Women in Leadership: 1 Timothy 2
Dale M. Coulter
Paul’s first letter to Timothy has become a flash point over women in leadership. There are a number of possible applications with respect to the role of women and leadership: 1) women cannot teach/preach and thus cannot pastor or lead beyond other women or children; 2) women can teach/preach but cannot serve as bishops and thus cannot exercise ecclesial authority over others; 3) women can teach/preach and exercise ecclesial authority.
One can find the first position among scholars such as Wayne Grudem and John Piper. It is also the official position of the Southern Baptist Convention. Most Church of God ministers hold to the second or third position. In this blog, I am going to make a case for the third position.
In making this case, I will not be arguing that women should be bishops. In other words, I am not tackling 1 Timothy 3 and the question of whether Paul’s language allows for women bishops. I am keeping my remarks strictly to the question of leadership in support of the second item of the General Council agenda that “General-Council certified women ministers” can sit on the General Council.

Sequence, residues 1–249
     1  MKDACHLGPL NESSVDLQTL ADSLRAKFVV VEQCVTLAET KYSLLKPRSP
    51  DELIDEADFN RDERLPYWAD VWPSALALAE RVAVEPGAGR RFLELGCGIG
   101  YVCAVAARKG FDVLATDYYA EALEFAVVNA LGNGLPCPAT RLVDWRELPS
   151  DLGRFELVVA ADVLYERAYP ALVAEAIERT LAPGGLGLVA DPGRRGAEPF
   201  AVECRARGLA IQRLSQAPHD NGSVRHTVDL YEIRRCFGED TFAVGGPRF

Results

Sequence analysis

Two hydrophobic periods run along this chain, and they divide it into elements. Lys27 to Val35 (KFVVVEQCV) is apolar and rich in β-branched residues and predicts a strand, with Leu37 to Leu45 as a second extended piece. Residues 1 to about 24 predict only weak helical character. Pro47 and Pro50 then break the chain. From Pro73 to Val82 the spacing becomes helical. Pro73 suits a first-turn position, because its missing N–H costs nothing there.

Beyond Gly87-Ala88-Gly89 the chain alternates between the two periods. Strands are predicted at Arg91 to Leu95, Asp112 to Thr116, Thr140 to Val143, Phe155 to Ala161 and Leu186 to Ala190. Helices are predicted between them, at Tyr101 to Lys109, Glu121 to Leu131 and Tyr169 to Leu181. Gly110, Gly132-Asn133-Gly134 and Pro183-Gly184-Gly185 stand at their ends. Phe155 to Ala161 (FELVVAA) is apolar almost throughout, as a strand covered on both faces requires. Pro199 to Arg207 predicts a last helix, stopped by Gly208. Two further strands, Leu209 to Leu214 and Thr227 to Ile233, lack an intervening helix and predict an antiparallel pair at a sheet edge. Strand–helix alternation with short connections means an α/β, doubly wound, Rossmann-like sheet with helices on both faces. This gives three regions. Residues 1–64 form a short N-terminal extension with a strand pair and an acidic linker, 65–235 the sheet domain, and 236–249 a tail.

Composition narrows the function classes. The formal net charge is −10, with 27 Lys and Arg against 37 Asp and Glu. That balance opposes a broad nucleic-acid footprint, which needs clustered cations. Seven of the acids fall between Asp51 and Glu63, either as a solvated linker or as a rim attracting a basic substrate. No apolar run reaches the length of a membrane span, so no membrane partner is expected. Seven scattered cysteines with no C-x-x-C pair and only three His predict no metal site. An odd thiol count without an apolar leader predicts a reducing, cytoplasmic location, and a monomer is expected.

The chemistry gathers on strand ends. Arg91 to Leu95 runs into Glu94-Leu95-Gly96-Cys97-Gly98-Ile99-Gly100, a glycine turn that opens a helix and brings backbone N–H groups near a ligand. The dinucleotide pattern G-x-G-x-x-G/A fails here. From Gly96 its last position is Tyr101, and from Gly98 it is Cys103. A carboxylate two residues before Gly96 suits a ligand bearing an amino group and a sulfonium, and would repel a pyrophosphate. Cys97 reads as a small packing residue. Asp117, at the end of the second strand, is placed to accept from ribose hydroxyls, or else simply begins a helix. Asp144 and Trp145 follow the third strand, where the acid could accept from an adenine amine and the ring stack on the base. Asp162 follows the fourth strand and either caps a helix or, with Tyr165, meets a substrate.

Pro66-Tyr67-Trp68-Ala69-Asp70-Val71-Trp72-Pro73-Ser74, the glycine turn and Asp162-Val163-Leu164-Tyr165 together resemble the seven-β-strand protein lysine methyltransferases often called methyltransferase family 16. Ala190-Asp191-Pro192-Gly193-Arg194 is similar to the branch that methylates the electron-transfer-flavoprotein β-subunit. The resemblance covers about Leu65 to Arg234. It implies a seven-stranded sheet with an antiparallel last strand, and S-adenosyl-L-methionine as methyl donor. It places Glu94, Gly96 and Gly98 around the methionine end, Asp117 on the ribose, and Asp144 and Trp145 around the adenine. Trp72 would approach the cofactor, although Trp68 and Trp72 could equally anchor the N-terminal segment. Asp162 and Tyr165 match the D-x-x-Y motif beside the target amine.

Considerations of Scripture
The Church of God stands for the verbal inspiration of scripture and the whole Bible rightly divided. The first is a theological commitment to scripture while the second is a commitment on how to interpret scripture. We should not confuse the two.
Verbal inspiration means that the Spirit has inspired every word. There is a fullness to inspiration. The Spirit has so guided the human authors that His words and their words fuse together. We claim mystery on precisely how the Spirit guided. The outcome of this guidance was the infallible Hebrew, Aramaic, and Greek texts of scripture. No translation is infallible. Yet, every translation, insofar as it accurately reflects the original texts, participates in the infallibility of scripture. This is why the accuracy of the translation matters more than its readability.